How to Do Jimi Hendrix Style Riffs Using 3 Tricks

Hey, guys. It’s Claude Johnson and today is Friday.
Thank God it’s Friday. Friday happens to be Hawaiian
shirt day here in the office. So I’ve got my Hawaiian
short on and that’s cool.

Now, today I want to show you some Jimi Hendrix
style riffs. And of course no one can play like
Jimi, but I can show you a couple tricks that you
can use to incorporate into your playing. The riff
I was just playing was an example. Let me break
down what I’m doing here.

That riff I was just playing was basically based
around an A minor 7 chord. The way I’m fingering
this is I’m using my thumb. This was one of the
things that Hendrix liked to do. He used to hook
his thumb around the top of the fret board to get
these bass notes. Now, a lot of jazz players will
tell you not to play an A minor 7 that way, but
Hendrix liked to do it and it’s very simple and
very easy and very effective.

This E minor 7, I got my thumb on the low E string
on the 5th fret and then I’m playing the 5th fret
of the D and G strings. You can either finger this
with just using your first finger to bar or you can
just get your middle finger on the D string, ring
finger on the G string, whatever feels more comfortable
and sounds better to you.

Now, with this riff another thing that I’m doing is
I’m hitting the bass note separate from the chord.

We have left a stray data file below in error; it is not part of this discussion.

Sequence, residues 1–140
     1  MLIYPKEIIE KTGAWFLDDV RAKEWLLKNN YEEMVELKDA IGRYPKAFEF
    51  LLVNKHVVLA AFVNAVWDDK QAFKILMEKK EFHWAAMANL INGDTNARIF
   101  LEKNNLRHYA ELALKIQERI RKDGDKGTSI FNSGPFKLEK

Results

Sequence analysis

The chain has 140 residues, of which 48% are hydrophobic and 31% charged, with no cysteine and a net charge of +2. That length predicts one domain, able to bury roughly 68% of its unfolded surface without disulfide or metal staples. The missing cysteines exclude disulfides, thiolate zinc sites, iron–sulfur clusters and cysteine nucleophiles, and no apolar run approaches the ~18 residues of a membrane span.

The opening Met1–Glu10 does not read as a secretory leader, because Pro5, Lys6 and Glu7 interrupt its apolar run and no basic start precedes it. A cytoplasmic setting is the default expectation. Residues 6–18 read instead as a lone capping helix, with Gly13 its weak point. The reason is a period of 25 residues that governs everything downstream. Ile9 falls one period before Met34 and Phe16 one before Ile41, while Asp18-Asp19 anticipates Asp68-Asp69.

Hendrix liked to do this in songs like “Purple Haze”,
also “Foxy Lady”. You can do the same thing here.
Instead of just playing the chord, you can hit it
twice like that or just once. It’s very effective.
Very simple, very effective way to make your riffs
more musical.

The next thing is this little percussive rake.
All you do is put your hands across the strings
without actually fretting. You can even just
lift-off a little bit off the chord. But I find
that putting your fingers across gives you a more
clean strum sound.

Watch where your picking hand is, because you can
get a lot of kind of harmonics that you don’t want
to get if you’re hitting right over the pickup or
at the wrong place. You kind of want to find a dead
spot on purpose. See, that doesn’t sound… So take
your time and actually — you can find a really nice
sounding strum and you can really hone your technique
with that.

When you’re playing the chord you might want to switch
where your picking hand is going and just really pay
attention to the subtleties and take your time to get
a good sound.

So those are three tricks that Hendrix used: the thumb,
the bass note and the rhythm rakes that you can throw
into your progressions. One other thing I was doing with
this little example, you start off in one key and then
you can go down to like, you know, go down to another
key and it just kind of modulates around. It’s a simple
way to do it.

Also, I was doing — after I played the G I went down
to F sharp, just the base not by itself. Don’t be afraid
to do that. There’s no chord so it’s… And then when I
went down to the F natural, I’m playing like a dominant 7.
So instead of this shape, which would be all on the first
fret, I move my ring finger up to the 2nd fret. That’s
just another cool little shape for you.

One other thing is you can throw-in some pentatonic licks.
Hendrix used simple scales like pentatonics. They work great.
Feel free to play around with this. It’s a great exercise
just playing this riff and then play like licks from A pentatonic.

All right, so thanks for watching. Have a great weekend and if
you don’t already have my course “Killer Guitar Control Secrets”
I invite you to check it out. I really think you’re going to love it.
You can find out more at So go check
it out right now and thanks again for watching. I’ll catch you next time.

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